Heartbreak for family as Shropshire artist and 'Covid denier' dies aged 46

The heartbroken family of a Covid-19 denier who died after contracting the virus have urged people to help their loved ones avoid getting swept up in the lies.

Gary Matthews was aged 46 when he died
Gary Matthews was aged 46 when he died

A talented artist, proudly sharing his work and enjoying that of others over a couple of beers with friends at Shrewbury’s old C21 bar.

Those are the fond memories of Gary Matthews that one family member will hold dear, a far cry from the isolated figure swept up in a virtual echo chamber of conspiracies and lies that may well have contributed to his premature death.

Gary, from Shrewsbury, died on January 13 after contracting Covid-19. He was just 46, had been ill for a week and tested positive the day before he died.

It is not known exactly how he caught the virus, which has killed more than 100,000 people in the UK, but according to his family he did not wear a mask or adhere to safety measures and continued to meet with friends.

Gary did not believe the virus was real, and shared in that belief among online forums which refute indisputable facts in favour of theories that suit their own agenda.

In a cruel twist of fate, it was the very virus in which he disbelieved that contributed to his death.

His cousin Tristan Copeland wanted to remember the kind and creative man that his family and friends knew best.

“He was still a beloved member of the family and he didn’t change as a person,” he said. “He always loved his painting. He painted portraits. A lot of his work was around celebrity culture.

“We used to got to C21, where creators would go together to put on displays and have a couple of beers. He was a brilliant artist. He’d always be happy to whip up a quick sketch. He could be a bit shy but he was always kind.

“It has been heartbreaking for the family. We’re still taking it all in. They were all very close. He’d speak to his family every other day. He had a sister and a niece and nephew.”

Gary Matthews with one of his large-scale portraits of Roger Moore as James Bond

Many people have felt desperate in the search of more information over the course of this pandemic – whether its worries over health or jobs, or simply a yearning to escape the loneliness and isolation and return to the social lives we used to enjoy.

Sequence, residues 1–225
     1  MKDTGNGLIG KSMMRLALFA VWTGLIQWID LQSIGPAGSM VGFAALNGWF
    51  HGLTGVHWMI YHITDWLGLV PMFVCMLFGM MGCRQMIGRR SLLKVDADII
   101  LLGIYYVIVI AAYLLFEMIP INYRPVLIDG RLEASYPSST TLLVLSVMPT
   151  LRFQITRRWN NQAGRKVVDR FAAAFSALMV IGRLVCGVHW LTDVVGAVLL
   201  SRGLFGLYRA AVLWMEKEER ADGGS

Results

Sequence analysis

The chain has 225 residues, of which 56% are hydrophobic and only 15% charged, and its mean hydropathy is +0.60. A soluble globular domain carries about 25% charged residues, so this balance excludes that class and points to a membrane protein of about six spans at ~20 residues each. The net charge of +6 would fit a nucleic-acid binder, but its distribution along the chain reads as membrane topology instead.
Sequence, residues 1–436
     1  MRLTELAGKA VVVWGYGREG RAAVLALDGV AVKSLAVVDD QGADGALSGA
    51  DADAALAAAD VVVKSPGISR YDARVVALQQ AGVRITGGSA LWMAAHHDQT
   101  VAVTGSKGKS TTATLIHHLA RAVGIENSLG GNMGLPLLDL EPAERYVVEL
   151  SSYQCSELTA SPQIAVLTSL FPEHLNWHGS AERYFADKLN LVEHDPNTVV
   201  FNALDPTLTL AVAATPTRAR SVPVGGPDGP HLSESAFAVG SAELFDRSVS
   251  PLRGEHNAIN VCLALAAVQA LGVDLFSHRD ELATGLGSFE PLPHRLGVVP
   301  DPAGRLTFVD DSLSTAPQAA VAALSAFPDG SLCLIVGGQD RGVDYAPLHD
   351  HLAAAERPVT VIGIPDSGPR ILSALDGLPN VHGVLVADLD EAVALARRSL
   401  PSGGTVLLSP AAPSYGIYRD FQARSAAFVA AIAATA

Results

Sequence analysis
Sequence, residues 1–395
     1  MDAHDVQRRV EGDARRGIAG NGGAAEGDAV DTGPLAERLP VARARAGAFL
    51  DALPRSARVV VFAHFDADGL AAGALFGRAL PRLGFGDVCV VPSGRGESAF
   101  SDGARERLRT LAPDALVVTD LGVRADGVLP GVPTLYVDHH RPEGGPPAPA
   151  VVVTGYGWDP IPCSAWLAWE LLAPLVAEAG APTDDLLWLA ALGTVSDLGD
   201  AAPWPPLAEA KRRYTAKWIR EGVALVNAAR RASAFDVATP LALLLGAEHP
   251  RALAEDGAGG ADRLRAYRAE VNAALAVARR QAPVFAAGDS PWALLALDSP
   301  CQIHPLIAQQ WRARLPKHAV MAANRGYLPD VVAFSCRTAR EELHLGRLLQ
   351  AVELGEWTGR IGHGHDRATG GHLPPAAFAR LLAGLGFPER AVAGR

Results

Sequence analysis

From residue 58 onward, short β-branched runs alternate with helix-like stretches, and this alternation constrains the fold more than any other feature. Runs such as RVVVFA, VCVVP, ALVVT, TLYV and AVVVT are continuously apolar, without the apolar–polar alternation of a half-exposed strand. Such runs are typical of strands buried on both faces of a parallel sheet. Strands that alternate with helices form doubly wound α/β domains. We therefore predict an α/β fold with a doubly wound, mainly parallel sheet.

And a lot feel let down by the politicians in charge of getting us out of it, and the attempts of the media to hold them to account. Both are legitimate views to hold as people are bombarded by a daily deluge of information.

But, sadly, the heart-wrenching stories people have told of their loved ones gasping their final breaths alone in an ICU and the desperate pleas of respiratory consultants who are seeing their wards fill up with gravely ill patients, is not enough for some.

Gary had developed a distrust for the media and felt compelled to seek the truth in his way for some time, a search that led him into a dark hole.

“About two or three years ago he became very concerned about the conflict in Syria from a humanitarian point of view,” said Mr Copeland.

“I think he read a few stories which led him to distrust the media. Eventually that led him to some climate change denial groups which he started posting on.

“When I came back to Shrewsbury we would hang out, and I would ask him if he actually believed this stuff. There was no swaying him. I’d show him a report to disprove the theory but he would come back with a less than reputable one that backed up his idea.

“It’s just a way of thinking and it is hard to break people out of that.

“He would tell me I was brainwashed by the media. This thinking is impenetrable when you are arguing with facts.”

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As Gary’s posts about his beliefs became more frequent, Mr Copeland felt he had to switch off – something he now regrets.

“I feel like I failed him by muting him. I do feel guilt. There were lots of people trying to help bring him out of it but it didn’t work.

“He could be quite shy and even though he did have friends I think he found it difficult to make close friends.

“I think these groups gave him that. He was ripe to be adopted into it and they led him astray.”

Gary’s death also proves that the virus can be devastating to the physically fit. He went to the gym and took pride in his appearance.

A local conspiracy theorist, who was a friend of Gary’s, told them he had asthma and insisted there should be an autopsy to uncover what he believes would be the real cause of his death.

His family were not aware of Gary having asthma and say he may have had an inhaler to claim he was exempt from wearing a mask. Gary had been ill for around a week before he went for a test, which came back positive. He died the following evening.

“He didn’t deserve that,” added Mr Copeland. “No-one does.”

A handful of protests attended by small numbers of people have taken place in the county over the course of the pandemic, including one by two men on the roof of Shrewsbury College’s London Road campus, which led to a road closure and wasted hours of police time.

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